The Aces Go Places Series (1982-1989)

The Aces Go Places Series (1982-1989)

Aces Go Places (Eric Tsang, 1982) — November 20, 2013

The first of the smash hit action/comedy series that was one of the first big successes of the Cinema City studio that dominated 80s Hong Kong. Pioneering Cantopop star Sam Hui plays a master jewel thief who helps a bumbling detective catch an English crook.

This is the first I’ve seen of any of the Hui Brothers (big comic stars of the 70s), and Sam comes off pretty well here, but probably that’s just because he’s sharing the screen with Karl Maka and Dean Shek, Cinema City co-founders who push the boundaries of what is acceptable in broad comic acting. The best performance is from Sylvia Chang, a badass cop who is intense and hilarious, at least until she gets hypnotized by some Karl Maka Taming of the Shrew voodoo and turns into a puddle of girlishness.

Some of the action scenes are particularly impressive, though they tend for the car chase-and-globe-trotting style over more traditional Hong Kong genre elements (the series is in many ways a James Bond parody). Best is when Hui (or his stuntman) leaps lengthwise over a Trans Am speeding towards him, which director Eric Tsang shows us in an unbroken long shot. Wire-aided or not, it’s incredible.

This is also the first film I’ve seen directed by Tsang, a comic actor I really liked in Sammo Hung’s Lucky Stars movies who also gives a brilliant dramatic performance in Comrades, Almost a Love Story. He also directed the second film in the Aces Go Places series, but check out the directors of parts 3–5: Tsui Hark, Ringo Lam, Lau Kar-leung. Gonna have to keep watching these.

Added May 19, 2018:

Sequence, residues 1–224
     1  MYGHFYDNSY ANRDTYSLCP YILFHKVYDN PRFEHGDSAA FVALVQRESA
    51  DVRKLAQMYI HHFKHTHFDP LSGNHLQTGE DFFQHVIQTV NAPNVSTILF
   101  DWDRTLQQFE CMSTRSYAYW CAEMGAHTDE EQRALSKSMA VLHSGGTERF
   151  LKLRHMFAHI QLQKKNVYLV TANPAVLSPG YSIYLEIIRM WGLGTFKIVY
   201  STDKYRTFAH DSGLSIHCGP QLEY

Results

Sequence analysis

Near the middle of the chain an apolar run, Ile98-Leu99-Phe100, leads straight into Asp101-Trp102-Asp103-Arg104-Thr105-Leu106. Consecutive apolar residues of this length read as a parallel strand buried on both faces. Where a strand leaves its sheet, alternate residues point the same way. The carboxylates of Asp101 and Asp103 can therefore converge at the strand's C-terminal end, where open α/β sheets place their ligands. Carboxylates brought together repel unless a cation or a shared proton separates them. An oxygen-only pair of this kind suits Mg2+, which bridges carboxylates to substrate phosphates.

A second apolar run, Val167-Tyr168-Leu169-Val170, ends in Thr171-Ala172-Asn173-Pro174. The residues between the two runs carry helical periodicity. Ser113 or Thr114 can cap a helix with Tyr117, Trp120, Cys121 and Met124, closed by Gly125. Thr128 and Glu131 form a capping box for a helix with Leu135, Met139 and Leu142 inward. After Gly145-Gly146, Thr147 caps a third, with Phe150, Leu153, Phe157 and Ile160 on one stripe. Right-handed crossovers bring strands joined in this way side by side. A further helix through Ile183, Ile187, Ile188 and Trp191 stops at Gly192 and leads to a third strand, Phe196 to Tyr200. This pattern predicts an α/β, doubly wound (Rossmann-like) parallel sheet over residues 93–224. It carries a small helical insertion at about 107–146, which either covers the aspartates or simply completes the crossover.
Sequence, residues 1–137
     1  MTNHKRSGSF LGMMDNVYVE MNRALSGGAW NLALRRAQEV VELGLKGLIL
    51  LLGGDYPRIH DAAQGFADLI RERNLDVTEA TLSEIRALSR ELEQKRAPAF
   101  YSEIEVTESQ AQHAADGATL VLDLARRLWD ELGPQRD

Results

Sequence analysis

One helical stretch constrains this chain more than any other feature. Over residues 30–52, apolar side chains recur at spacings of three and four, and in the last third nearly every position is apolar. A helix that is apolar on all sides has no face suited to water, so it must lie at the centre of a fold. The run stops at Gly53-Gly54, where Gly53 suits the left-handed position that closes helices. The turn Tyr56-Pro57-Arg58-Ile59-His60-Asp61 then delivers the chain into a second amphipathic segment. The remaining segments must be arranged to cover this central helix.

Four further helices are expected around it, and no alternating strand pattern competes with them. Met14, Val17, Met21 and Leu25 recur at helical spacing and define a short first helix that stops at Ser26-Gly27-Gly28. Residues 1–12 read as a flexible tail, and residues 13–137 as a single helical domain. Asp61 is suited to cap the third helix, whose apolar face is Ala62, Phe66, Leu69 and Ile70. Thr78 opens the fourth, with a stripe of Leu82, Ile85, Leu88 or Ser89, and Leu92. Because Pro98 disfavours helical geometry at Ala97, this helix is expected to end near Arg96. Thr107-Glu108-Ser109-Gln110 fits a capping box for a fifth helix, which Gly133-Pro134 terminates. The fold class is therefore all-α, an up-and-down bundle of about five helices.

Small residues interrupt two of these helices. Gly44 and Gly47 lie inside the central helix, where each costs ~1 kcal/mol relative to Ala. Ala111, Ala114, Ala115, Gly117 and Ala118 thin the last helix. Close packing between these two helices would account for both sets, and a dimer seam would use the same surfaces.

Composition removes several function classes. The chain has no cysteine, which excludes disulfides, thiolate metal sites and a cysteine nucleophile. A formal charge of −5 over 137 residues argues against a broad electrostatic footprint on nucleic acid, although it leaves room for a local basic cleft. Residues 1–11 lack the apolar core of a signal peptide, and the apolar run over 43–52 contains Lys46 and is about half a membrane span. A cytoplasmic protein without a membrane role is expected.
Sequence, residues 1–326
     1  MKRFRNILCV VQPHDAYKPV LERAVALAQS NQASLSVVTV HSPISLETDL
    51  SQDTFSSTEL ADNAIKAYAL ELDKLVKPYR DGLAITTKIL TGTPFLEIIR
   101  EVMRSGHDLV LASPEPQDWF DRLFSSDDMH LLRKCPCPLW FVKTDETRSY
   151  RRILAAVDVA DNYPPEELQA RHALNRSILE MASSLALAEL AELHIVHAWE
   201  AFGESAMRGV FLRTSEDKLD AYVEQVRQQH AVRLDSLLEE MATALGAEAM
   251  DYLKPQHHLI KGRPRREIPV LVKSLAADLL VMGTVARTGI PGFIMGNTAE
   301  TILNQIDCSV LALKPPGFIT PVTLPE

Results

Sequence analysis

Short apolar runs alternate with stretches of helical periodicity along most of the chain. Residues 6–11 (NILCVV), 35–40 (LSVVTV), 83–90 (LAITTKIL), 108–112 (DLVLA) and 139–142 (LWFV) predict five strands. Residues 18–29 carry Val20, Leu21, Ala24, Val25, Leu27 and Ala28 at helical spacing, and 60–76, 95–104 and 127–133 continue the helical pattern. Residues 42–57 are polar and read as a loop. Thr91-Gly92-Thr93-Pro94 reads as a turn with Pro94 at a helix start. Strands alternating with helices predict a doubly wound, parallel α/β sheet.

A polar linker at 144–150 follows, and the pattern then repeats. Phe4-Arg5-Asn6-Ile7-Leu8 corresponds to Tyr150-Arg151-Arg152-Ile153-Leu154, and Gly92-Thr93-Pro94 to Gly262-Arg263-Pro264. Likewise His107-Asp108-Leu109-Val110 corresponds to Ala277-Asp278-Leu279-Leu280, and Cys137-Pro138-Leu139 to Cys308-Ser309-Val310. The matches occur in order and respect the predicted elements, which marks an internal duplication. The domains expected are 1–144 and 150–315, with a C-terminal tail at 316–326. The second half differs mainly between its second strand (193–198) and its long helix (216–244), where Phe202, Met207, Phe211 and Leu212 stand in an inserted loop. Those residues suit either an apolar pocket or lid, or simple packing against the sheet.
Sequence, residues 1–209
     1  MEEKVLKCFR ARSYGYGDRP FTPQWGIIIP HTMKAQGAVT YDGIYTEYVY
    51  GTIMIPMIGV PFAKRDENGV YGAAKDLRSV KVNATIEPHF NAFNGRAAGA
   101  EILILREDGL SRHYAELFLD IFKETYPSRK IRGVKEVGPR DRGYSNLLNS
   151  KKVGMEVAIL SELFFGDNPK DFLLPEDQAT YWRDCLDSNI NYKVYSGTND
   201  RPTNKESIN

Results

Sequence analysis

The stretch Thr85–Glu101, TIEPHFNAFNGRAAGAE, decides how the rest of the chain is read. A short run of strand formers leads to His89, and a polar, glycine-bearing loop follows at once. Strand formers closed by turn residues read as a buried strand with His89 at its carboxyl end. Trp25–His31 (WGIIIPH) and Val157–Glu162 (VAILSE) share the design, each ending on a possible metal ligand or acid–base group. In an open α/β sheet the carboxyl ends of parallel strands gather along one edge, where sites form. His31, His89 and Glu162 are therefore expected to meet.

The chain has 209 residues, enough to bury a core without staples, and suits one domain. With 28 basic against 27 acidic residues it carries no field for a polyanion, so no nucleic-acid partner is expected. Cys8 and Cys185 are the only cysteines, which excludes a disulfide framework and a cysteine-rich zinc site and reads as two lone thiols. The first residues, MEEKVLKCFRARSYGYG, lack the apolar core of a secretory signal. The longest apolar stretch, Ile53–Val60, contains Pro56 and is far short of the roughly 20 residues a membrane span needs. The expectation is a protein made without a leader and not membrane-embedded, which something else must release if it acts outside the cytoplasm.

In 1982, Sylvia Chang starred in the first Aces Go Places, what would become the flagship series for the newly formed Cinema City studio, which would come to dominate Hong Kong filmmaking throughout the 1980s. Founded by a trio of comedians (Raymond Wong, Dean Shek, and Karl Maka) and eventually incorporating Tsui Hark, Eric Tsang, Teddy Robin Kwan, and Nansun Shi, Cinema City was the proving ground for directors like Ringo Lam and Johnnie To, as well as providing a boost to the careers of John Woo and Tsui himself, whose trio of edgy first films had floundered at the box office before he joined up to make a series of madcap comedies for the studio. Tsui even appears in a small role as a theatre director in the first Aces Go Places, and would go on to direct the third installment in the series (Lam helmed the fourth and Shaw Brothers master Lau Kar-leung slummed it with the fifth). Eric Tsang directed the first two films in the series, slapstick comedies about a bumbling detective (Maka) forced to team up with a suave jewel thief (Sam Hui) to catch even more dangerous crooks. Hui was a major Cantonese rock star, and had starred with his brothers Ricky and Michael in a series of highly successful comedies throughout the 1970s. Sylvia Chang plays a tough cop assigned to assist Maka. Not exactly playing the straight man (there is no such thing in a Cinema City movie), she nonetheless has little patience for Maka’s tomfoolery, and with her eye-popping anger she more than holds her own with the outlandish antics of her male co-stars, just as she matches them punch for punch in the stunt-fighting department. Aces Go Places is an extremely silly film, not even the best of its series (that would be the second one, I think, though most seem to prefer Tsui’s episode), and Chang’s character is very poorly served indeed in the final act, but it’s undoubtedly a seminal film in 80s Hong Kong cinema, and it’s a real treat to see Chang’s wild side.